Use audit logging regularly to ensure that your system is up-to-date and that threats are kept under tabs. A container-based deployment adds another dimension to the audit process. A comparison between the original image and the image running in the container can be effectively used to see if any discrepancies can lead to security concerns. Make sure that your software versions always contain the latest security patches.

Note: Automating audit logging and predefined general audit rules are an efficient way to maintain control over your clusters. Minimal images that contain only the files and libraries essential to the application improve audit efficiency.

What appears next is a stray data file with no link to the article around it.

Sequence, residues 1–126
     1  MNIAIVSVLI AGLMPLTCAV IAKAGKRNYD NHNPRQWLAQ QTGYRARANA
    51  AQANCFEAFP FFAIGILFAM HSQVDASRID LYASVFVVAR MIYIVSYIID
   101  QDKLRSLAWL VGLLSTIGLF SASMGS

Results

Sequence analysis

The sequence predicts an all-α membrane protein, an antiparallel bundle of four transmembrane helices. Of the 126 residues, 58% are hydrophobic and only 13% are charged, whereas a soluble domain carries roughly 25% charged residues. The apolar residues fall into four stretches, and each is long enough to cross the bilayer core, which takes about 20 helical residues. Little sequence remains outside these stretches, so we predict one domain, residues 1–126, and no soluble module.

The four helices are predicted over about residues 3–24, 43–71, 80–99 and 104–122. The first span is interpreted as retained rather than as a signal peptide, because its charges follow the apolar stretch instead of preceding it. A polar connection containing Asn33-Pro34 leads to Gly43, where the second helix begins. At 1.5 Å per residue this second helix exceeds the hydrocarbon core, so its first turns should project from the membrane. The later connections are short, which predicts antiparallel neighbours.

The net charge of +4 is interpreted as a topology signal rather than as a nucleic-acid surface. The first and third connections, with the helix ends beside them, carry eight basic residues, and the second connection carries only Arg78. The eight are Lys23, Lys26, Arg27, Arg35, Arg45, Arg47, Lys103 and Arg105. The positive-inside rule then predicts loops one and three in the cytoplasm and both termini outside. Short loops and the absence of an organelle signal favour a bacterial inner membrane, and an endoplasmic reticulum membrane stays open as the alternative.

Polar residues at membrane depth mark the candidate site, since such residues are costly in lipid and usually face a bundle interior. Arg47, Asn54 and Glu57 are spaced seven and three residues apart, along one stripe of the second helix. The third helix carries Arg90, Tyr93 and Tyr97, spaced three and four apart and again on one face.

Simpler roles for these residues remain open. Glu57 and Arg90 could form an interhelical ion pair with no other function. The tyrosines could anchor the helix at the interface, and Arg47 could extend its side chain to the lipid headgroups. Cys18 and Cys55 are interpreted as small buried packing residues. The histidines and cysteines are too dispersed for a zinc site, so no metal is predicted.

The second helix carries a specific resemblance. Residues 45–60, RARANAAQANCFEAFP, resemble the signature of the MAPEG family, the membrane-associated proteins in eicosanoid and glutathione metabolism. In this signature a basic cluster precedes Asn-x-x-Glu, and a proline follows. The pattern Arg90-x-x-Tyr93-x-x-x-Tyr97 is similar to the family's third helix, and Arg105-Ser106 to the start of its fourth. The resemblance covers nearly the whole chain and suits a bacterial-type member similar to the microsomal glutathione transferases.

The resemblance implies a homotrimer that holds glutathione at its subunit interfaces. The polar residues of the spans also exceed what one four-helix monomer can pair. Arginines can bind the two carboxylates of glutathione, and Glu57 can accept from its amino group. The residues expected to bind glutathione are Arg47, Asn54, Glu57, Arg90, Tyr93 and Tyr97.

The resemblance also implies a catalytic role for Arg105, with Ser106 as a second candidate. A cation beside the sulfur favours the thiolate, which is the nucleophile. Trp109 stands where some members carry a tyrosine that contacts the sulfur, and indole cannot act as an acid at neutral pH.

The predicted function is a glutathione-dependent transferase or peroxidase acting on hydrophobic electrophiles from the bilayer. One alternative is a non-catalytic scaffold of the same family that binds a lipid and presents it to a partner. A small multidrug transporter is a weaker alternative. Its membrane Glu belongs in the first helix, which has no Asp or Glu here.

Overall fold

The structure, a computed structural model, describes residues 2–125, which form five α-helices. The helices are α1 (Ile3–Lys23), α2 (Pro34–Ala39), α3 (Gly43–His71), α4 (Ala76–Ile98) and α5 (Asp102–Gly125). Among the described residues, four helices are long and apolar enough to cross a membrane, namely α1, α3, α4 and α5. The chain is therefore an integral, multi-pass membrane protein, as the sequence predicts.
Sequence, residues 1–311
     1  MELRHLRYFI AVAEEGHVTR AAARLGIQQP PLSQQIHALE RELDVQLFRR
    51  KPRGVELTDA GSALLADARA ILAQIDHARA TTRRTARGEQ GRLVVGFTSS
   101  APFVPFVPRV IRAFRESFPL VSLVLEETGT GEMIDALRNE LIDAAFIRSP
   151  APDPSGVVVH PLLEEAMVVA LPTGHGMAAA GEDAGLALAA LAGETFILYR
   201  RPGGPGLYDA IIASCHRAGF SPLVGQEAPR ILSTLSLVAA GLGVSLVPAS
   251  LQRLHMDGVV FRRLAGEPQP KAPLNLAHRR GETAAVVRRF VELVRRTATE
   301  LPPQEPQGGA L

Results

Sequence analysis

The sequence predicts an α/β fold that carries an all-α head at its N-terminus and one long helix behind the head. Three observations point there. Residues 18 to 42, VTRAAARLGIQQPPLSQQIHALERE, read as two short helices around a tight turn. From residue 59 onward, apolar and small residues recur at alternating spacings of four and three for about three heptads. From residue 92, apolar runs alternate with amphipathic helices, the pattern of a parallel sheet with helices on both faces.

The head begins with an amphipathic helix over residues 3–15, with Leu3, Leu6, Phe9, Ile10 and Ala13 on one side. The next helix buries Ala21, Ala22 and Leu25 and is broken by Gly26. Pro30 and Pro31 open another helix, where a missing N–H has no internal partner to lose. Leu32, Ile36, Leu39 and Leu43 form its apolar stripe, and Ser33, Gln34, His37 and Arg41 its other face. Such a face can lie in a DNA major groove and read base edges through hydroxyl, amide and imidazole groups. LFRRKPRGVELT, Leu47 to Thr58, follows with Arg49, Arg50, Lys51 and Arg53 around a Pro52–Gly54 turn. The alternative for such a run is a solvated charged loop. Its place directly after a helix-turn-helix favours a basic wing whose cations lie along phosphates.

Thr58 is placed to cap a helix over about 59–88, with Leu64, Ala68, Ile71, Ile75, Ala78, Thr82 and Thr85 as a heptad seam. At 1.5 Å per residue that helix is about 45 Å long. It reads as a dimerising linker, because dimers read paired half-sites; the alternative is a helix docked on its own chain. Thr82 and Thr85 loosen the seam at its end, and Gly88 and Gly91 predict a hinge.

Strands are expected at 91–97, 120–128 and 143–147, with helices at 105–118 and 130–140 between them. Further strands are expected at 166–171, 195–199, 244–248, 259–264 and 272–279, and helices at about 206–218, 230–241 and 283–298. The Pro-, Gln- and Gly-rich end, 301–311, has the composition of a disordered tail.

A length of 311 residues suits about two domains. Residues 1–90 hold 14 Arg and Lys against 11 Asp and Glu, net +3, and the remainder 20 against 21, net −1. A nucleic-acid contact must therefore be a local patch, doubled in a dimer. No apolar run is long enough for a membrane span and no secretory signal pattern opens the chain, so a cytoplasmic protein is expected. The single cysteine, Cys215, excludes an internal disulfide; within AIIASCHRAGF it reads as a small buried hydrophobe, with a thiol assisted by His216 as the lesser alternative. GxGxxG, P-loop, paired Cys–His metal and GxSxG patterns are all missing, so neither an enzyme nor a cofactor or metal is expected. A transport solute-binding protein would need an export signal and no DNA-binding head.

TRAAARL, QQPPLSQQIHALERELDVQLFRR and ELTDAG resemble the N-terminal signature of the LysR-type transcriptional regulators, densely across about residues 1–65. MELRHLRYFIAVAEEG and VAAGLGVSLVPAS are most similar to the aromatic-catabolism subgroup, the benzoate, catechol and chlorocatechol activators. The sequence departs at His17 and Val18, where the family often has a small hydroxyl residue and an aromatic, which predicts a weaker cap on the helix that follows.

Now you understand Kubernetes security and its best practices.

Follow the principles of least privilege and defense-in-depth. If an attacker manages to compromise one component, they should not gain full access to the system. Instead, ensure that attackers need to penetrate additional layers before being able to cause significant harm or access sensitive data.

For a more comprehensive overview on how to build efficient clusters, check out our Kubernetes Best Practices article.

To stay informed about the latest IT security news, we recommend you check out our list of Top Internet Security Blogs.

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Vladimir Kaplarevic
Vladimir is a resident Tech Writer at phoenixNAP. He has more than 7 years of experience in implementing e-commerce and online payment solutions with various global IT services providers. His articles aim to instill a passion for innovative technologies in others by providing practical advice and using an engaging writing style.